Rios was a relative standout for the Texas Rangers in 2014 until he bruised his thumb. But the club bought out his option and let him try free agency with a .280 average, which is just about exactly his career number. He was due to be paid $14 million, so the decision wasn’t unexpected, particularly for a club with an embarrassment of outfield riches, though much of it is untried.

Rios’ biggest downside is his age (34) but he was one of the fleetest baserunners in the AL in 2013 and it’s hard to see how a bum thumb can slow that down. On the other hand, the Giants seem to have an allergy to stealing, so maybe that’s not a consideration.

My guess is he’ll get a 2-3 year deal in the $8-10 million range, based principally on longevity concerns. At that price, he might be a good interim pickup.

Markakis is a little more interesting. He has just about the same amount of MLB experience as Rios (eight years) and his BA is almost identical. But he’s three years younger plus he’s a two-time Gold Glover.

The problem us that Markakis is going to be slightly more expensive than Rios. He probably commands something in the $45-50 million range over four seasons.

Bonifacio has a bit of a weak stick (career average .262, 2014 average .259), he’s 30 years old and he’s bounced around a bit. On the other hand, he earned under $1 million in 2014 and if Giants Manager Bruce Bochy sees him as a good chemical fit for the team, a friendly clubhouse and supportive coaching could bring this guy out of the shadows. If he can be had for under $2 million on a short-term deal, he may be worth the risk.

Aoki is a steady .287 career hitter with a reputation for putting the ball in play. He’s not a power hitter but he has great range and a decent arm. He was a defensive key to the Royals’ 2014 World Series run. Reports are that he’s interested in a three-year deal, which makes sense for a 32-year-old. He made $2 million in 2014 and is looking for $8 million per year in his next deal. That’s probably not outrageous but may be a bit steep for the Giants.

I like Gary Brown, a Giants farm system product, as well as any of these guys, frankly. He’s a bit of a light hitter (he hit .265 at Fresno last season) but he’s pretty solid defensively and the age of 26 has a long future. He’s a hot enough prospect that when the Giants were negotiating for Hunter Pence two years ago, the Phillies were keen to make him part of the package. For 2015, he wouldn’t be as much immediate help as either Rios or Markakis, but since the Giants will probably flounder a bit next season anyway before taking it all again in 2016, giving the youngster a year of seasoning might make some sense.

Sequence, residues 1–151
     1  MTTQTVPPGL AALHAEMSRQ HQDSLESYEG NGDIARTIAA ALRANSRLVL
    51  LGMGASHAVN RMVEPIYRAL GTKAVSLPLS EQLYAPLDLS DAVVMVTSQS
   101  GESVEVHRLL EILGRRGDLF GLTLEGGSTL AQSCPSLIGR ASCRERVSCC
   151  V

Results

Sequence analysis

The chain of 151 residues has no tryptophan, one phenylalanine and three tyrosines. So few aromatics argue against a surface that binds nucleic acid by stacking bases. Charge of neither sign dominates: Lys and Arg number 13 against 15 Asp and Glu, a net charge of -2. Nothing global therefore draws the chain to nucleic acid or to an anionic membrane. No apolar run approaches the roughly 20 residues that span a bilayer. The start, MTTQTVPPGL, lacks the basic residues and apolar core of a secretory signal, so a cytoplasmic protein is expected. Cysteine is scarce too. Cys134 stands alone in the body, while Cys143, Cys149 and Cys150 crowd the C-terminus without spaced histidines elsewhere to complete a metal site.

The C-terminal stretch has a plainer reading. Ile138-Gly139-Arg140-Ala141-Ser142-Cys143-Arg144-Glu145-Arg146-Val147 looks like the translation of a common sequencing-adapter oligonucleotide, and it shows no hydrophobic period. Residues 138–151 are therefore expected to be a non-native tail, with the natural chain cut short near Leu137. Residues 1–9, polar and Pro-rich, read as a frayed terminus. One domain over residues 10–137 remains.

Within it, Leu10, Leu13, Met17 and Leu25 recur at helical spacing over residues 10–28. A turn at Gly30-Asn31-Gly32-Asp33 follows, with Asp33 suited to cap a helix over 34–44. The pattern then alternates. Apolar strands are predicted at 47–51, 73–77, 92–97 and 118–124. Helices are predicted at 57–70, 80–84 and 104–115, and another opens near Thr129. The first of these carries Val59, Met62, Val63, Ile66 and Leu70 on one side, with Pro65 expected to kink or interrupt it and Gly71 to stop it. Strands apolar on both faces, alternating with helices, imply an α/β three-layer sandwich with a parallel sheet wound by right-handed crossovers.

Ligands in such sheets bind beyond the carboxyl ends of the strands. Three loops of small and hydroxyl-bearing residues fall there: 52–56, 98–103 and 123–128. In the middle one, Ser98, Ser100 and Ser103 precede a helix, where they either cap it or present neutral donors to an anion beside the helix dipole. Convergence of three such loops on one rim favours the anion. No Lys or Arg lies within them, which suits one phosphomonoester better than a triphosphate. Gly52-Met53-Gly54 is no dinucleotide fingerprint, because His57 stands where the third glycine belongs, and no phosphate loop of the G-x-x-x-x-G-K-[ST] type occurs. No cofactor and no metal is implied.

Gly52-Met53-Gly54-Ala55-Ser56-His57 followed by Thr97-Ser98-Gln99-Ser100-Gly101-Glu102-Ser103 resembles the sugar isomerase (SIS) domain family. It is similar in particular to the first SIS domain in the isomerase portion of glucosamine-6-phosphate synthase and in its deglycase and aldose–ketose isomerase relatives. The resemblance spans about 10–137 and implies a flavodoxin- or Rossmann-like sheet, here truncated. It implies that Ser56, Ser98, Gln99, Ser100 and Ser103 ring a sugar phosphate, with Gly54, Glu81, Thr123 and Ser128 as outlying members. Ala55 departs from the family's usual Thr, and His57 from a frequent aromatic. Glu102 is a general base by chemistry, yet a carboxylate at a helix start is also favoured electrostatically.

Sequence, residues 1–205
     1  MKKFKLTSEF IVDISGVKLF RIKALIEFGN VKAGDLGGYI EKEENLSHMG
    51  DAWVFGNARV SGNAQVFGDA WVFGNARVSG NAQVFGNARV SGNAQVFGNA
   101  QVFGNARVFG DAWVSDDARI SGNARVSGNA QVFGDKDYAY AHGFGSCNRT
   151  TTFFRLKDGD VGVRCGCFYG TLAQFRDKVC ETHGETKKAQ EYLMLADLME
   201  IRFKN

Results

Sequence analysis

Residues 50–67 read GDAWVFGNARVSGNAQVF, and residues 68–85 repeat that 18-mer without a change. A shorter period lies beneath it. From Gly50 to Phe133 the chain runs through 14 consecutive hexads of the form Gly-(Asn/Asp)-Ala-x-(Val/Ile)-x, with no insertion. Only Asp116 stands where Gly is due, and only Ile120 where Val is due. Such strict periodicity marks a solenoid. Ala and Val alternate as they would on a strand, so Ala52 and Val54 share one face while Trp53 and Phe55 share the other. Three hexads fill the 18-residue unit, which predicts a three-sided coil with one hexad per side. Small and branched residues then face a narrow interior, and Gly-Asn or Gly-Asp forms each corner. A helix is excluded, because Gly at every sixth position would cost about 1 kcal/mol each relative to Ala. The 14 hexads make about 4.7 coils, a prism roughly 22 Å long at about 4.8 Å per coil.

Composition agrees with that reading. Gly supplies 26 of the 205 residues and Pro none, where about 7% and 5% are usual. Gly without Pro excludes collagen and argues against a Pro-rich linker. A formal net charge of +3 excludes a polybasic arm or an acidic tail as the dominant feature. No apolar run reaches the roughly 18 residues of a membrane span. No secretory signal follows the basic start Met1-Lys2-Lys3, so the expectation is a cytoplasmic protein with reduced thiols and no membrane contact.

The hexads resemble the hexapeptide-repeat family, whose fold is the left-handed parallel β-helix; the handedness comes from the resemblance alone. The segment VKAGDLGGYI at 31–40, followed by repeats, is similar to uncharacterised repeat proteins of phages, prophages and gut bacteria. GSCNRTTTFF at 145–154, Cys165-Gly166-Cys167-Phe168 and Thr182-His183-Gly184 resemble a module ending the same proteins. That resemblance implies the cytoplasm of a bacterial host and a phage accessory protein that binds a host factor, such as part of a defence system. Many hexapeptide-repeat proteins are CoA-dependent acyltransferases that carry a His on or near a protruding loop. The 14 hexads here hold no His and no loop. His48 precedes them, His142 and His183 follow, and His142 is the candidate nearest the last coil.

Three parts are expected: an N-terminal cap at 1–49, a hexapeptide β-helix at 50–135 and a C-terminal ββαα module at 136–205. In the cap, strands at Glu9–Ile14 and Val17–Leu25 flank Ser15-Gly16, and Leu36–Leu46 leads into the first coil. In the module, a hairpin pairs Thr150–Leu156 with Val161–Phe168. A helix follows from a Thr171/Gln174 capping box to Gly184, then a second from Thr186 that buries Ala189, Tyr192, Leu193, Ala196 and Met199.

Left-Handed Reliever

Free agent pickings for southpaw bullpen guys are really slim. Particularly in the Giants’ price range. I’ve scoured the wire and the only possible candidate I can come up with is Andrew Miller. But before I could even get this column online, he had multiple three-year offers that would reportedly make him the highest-paid reliever in the game who is not a closer and doesn’t have closer experience. (That’s not too big a deal; that number currently stands at $6 million.) The Giants would be crazy to spend over $7 million on the guy and with 22 teams expressing interest, the bidding is likely to get silly before anyone acquires him.

Which leaves the farm system which, fortunately, has two good prospects at a minimum. Unfortuantely, one of those just shot himself in the foot with a PED (performance-enhancing drugs) suspension of 50 games.

Adalberto Mejia is the guy with the drug issue. The 21-year-old spent last season in AA ball where he compiled a career-high and disappointing 4.67 ERA. He features a low-90’s fastball and a quality circle change but he can also throw a devastating slider that’s his go-to strikeout pitch. He has excellent control (though apparently not self control) and is viewed as a top-5 Giants prospect. He probably did himself in for 2015 with his suspension, though.

Michael Kickham, Giants left-handed relief prospect

Michael Kickham, Giants left-handed relief prospect

The other minor league prospect for the Giants in the left-handed reliever category is Michael Kickham. At 25, his control needs work (he gave up 75 walks in 150 innings of work last year) but he has great quality stuff and he doesn’t have to be in the strike zone to get guys out. In 2014, he looked like this: 3.05 ERA, 1.29 WHIP with 137 strikeouts across those 150 innings. At one point last season in Fresno, he put up 4 consecutive quality starts in which he struck out 25 and walked only six, so he’s definitely capable. While he might benefit from another year in the minors, he could benefit greatly from some Righetti coaching and some Bochy nurturing.


It might not be the best they could do in a different scenario, but given the relative paucity of relievers this year and the overall team picture, I think the Giants should give Rios a shot if they can get him for two years at under $20 mill and start with the idea of promoting Kickham to the Big Show bullpen for a quick look-see.